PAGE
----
Iran announced it was building a second nuclear power plant -- and that therefore its uranium enrichment facility at Natanz was not only more necessary than ever but needed to be expanded.
Iran confirmed on Monday that it had received the first fuel shipment for its nuclear power plant at Bushehr, but also indicated for the first time that it was building a second nuclear power plant.
The revelation came in comments by Iran's Atomic Organization, Gholamreza Aghazadeh, made to state-run television and reported by the semi-official Fars news agency. He was dismissing speculation that the arrival of the fuel would allow Iran to halt its uranium enrichment program, in Natanz.
"We are building a 360-megawatt indigenous power plant in Darkhovein," he said, referring to a southern city north of Bushehr.
"The fuel for this plant needs to be produced by Natanz enrichment plant," he added, Fars said. ...
Aghazadeh said Monday that Iran needed to increase the centrifuges at the Natanz enrichment plant from 3,000 to 50,000, saying that with the current 3,000, it could only produce fuel for a 100-megawatt plant.
Plans to establish a second nuclear power plant effectively dash hopes that a Russian sale of fuel for Iran's first plan would remove any basis for continuing on its uranium enrichment program.
Earlier this year Russia delayed a fuel shipment expected in March, accusing Iran of tardiness in making its monthly payments of $25 million. However, Western officials said that Russia made the decision in part to help the West to pressure Iran into more openness on its nuclear program.
Last week, Sergei Shmatko, the director of Atomstroyexport, announced that Russia and Iran had ended their financial disputes over the project, though he failed to indicate a date for when the long-awaited opening would occur....
The White House had signaled on Monday that the arrival of the fuel could help convince Iran to curb its enrichment program. President George W. Bush that If Iran accepted the uranium for a civilian power plant, "there was no need for them to learn how to enrich," Reuters reported.
Now let's suppose -- hypothetically -- that Iran already has a workable nuclear weapons design or confidence it can produce was a design very quickly. Then the only thing which stands between the Ayatollahs and a sizeable nuclear arsenal is the availability of a large quantity of fissile material. That is what the Natanz centrifuges can produce.
Some observers suggested that the Natanz site appeared to be too large to the Iran's first enriched uranium facility, suggesting that Iran may already be operating a smaller pilot plant elsewhere. However, this assumed that the Iranian enrichment effort was indigenous, rather than a product of collaboration with Pakistan.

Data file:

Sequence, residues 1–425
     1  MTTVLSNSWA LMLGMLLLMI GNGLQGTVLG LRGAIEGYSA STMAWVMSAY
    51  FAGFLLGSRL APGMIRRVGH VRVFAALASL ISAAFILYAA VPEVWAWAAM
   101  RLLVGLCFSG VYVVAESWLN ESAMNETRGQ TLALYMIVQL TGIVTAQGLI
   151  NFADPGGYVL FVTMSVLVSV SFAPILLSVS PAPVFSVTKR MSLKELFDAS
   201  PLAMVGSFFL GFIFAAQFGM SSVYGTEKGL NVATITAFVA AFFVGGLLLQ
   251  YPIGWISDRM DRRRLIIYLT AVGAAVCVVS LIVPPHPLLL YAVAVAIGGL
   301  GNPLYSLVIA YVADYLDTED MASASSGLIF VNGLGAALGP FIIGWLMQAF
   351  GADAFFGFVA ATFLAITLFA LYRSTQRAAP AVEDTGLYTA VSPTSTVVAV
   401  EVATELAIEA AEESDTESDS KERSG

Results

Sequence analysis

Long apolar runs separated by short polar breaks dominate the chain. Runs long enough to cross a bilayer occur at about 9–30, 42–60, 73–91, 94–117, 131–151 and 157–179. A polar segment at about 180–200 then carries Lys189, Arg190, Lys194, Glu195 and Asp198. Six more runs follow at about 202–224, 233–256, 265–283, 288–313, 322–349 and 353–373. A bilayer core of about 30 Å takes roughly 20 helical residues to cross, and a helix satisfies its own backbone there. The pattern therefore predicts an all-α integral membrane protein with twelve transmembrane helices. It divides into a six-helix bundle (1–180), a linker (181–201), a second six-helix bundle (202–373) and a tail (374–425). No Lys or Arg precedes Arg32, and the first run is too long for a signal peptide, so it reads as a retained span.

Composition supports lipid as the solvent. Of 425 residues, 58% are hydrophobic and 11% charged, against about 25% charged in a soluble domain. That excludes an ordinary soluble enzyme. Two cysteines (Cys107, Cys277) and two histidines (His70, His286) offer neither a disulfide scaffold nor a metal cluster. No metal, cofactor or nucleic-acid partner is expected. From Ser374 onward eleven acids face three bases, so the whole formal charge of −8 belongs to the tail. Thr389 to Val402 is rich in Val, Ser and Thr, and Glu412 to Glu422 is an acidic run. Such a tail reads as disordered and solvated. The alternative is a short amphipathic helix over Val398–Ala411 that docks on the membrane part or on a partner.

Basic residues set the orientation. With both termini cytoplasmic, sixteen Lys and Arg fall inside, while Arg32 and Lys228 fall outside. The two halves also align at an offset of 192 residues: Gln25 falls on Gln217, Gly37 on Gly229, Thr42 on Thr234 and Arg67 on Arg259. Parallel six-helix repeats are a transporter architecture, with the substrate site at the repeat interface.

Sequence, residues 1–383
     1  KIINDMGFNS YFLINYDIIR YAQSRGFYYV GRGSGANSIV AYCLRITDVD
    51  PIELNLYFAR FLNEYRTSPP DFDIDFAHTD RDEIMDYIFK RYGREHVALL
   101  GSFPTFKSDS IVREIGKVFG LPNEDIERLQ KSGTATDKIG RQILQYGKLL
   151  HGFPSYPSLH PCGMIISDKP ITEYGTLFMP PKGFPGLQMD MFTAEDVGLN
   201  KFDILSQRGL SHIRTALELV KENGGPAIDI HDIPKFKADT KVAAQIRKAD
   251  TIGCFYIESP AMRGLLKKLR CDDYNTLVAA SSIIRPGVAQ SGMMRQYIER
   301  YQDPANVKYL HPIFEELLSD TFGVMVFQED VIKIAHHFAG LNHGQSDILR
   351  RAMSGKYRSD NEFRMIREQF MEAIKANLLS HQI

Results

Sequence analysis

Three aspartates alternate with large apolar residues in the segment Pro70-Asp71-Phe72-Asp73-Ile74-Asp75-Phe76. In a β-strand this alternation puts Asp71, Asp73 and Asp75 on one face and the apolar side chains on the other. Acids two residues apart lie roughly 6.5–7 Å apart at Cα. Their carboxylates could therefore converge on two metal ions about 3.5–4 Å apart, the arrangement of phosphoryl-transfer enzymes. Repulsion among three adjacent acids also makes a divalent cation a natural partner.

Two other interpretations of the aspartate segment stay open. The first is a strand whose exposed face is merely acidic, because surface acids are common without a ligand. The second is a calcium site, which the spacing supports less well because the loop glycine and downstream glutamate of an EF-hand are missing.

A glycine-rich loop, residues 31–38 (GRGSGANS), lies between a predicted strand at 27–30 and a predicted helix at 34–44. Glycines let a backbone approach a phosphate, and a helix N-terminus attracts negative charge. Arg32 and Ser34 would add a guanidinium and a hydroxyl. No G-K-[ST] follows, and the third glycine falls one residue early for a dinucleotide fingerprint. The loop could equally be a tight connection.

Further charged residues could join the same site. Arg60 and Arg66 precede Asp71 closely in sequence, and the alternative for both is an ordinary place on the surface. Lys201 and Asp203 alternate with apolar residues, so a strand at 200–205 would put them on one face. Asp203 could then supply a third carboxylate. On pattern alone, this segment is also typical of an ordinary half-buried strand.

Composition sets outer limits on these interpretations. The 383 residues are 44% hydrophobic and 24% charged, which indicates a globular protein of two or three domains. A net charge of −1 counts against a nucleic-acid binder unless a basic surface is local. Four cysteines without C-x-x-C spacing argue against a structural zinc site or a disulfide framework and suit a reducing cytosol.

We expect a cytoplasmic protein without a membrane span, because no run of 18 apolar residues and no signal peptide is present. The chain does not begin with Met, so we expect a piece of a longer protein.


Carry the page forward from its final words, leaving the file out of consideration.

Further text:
According to some estimates, the advanced centrifuge complex might house as many as 50,000 centrifuges, producing enough weapons-grade uranium for several dozen [over 20] weapons per year when completed at the end of the decade. Other estimates suggest the facility would house a total of 5,000 centrifuges when the initial stage of the project is completed in 2005. At that point, Iran will be capable of producing enough enriched uranium for several nuclear weapons each year.
A man who has been acquiring all the parts of an ammunition factory just might be suspected of fixing to own a gun. But you can rest easy because the latest National Intelligence Estimate believes the dangers are not as great as they might seem. Or are they?
In December 2007 the United States National Intelligence Estimate (that represents the consensus view of all 16 American spy agencies) judged with "high confidence” that Iran had halted its nuclear weapons program in 2003, with "moderate confidence" that the program remains frozen, and with "moderate-to-high confidence" that Iran is "keeping open the option to develop nuclear weapons." The new estimate says that the enrichment program could still provide Iran with enough raw material to produce a nuclear weapon sometime by the middle of next decade but that intelligence agencies “do not know whether it currently intends to develop nuclear weapons” at some future date. Senator Harry Reid, the majority leader, said he hoped the administration would “appropriately adjust its rhetoric and policy”.
I argued in an article in Pajamas Media that our estimate of Iran's nuclear program had to be continuously revised as new information came to light; each new piece of data modifying our prior estimate of what the Iranians are up to. The announcement that is planning to build a second nuclear power plant and needs more uranium enrichment centrifuges at Natanz is one more piece in the puzzle. Now what does the picture tend to show? I know that for some the puzzle has already been solved: that the 2007 NIE has put to rest the question of Iran's intentions forever. I would raise an objection but I've forgotten that double jeopardy applies.